Letter from the Editor: An update to how we label opinion articles in our comment section

A letter from the comment editor

Letter from the Editor: An update to how we label opinion articles in our comment section

It has become apparent that there is much confusion when distinguishing the opinion of individual contributors versus that of The Varsity as a whole, particularly on social media.

Last week, ahead of the 2019 federal election, we published an opinion piece by a contributor that endorsed the Conservative Party. As usual in the Comment section, we included “Opinion” in the text of the social media posts on both Facebook and Twitter.

However, the label, as usual in the Comment section, was not included in the actual heading of the article. This led to many readers believing that the article reflected the opinion of the newspaper itself. In fact, we published our own endorsement through the editorial board a few hours later, which was the opposite of that of the contributor.

In our print issue, all opinion pieces are published under the Comment page, and editorials are published under the Editorial page. On social media, however, we recognize that we can do more such that readers can easily distinguish between the two.

Hence, beginning with our eighth issue, the headlines in all Comment pieces published online will be labelled appropriately.

First, all pieces written by contributors that represent their individual views will be published with the “Opinion” label.

Second, all pieces written by contributors on behalf of a particular organization or group will continue to be published with the “Op-ed” label. Typical op-ed pieces are written by members of student unions, executives of student groups, and other student leaders writing on behalf of their constituents.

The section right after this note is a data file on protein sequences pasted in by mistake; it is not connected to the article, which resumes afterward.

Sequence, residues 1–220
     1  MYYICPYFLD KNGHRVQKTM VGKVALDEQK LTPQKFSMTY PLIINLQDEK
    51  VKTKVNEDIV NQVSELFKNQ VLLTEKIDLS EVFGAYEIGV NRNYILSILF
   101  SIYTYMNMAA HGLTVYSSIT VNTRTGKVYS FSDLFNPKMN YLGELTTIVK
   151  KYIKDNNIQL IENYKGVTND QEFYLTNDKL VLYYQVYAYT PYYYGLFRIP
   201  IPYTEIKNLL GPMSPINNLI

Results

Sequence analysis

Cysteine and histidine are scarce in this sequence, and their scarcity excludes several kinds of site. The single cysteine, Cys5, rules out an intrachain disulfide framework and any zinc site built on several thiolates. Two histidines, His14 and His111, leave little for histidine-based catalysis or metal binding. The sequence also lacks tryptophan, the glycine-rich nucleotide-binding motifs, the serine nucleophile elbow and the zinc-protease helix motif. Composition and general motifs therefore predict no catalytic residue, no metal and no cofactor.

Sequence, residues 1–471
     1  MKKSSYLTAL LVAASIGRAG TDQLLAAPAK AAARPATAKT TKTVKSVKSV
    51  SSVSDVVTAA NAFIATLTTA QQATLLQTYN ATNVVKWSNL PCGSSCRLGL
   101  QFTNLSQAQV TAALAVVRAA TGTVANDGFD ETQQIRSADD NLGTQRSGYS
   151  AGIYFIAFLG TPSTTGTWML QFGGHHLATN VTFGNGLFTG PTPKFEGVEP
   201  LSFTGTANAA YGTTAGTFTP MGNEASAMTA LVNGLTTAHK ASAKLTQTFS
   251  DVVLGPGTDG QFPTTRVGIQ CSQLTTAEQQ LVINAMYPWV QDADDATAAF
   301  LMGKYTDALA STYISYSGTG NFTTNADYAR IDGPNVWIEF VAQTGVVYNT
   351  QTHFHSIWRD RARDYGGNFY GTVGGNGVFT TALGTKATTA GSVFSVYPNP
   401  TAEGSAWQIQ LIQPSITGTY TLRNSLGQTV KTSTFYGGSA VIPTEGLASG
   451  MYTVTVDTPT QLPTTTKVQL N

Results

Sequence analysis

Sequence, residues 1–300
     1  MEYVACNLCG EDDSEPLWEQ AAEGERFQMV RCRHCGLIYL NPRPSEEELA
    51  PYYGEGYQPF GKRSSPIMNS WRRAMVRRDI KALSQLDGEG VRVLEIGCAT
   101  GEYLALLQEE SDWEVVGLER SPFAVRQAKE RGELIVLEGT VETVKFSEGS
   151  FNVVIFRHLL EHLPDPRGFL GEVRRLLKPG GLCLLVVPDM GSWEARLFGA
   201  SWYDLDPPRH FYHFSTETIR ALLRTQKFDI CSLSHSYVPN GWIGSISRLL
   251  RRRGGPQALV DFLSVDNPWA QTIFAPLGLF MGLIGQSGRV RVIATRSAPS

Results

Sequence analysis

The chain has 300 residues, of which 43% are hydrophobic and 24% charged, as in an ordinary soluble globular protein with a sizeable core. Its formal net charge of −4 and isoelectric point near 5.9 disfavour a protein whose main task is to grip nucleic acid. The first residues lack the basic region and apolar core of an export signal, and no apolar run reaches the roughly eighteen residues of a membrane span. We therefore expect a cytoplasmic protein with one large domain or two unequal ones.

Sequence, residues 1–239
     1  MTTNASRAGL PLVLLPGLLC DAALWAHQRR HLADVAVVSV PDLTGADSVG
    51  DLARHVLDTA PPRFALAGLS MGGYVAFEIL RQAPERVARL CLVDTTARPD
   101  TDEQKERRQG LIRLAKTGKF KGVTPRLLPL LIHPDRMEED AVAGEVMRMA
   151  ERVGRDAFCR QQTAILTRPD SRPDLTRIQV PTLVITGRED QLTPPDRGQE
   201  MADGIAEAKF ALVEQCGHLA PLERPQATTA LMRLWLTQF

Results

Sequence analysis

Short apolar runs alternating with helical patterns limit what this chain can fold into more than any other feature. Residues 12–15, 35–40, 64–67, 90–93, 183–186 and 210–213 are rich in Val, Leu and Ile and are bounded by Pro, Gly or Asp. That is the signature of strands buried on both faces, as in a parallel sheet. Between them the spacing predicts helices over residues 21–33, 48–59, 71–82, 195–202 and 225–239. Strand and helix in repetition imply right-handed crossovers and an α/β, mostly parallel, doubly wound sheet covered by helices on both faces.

Third, all pieces written by The Varsity Editorial Board that reflect the opinion of our masthead will be published with the “Editorial” label. It is noteworthy that “Opinion,” “Op-ed,” and “Editorial” pieces all operate independently from one another.

Fourth, all pieces written by readers in response to any aspect of our coverage will be labelled as a “Letter to the Editor” in fact, as with op-eds, this is how we publish them already.

I would also like to take the opportunity to highlight the divide between the News and Comment sections. Contributors are only permitted to write consistently for one section each year.

The Varsity masthead is prohibited from writing for the Comment section, and the comment editor is the single member of the masthead who cannot write for the News section.

This is to ensure that different sections of our paper remain independent such that News and Comment do not influence each other.

As both the comment editor and the chair of the editorial board, you may contact me about any concerns about our opinion pieces, and also send letters to me at comment@thevarsity.ca.

Angela Feng
Comment Editor
Volume 140

Bridging the gap

Letter from the Editor

Bridging the gap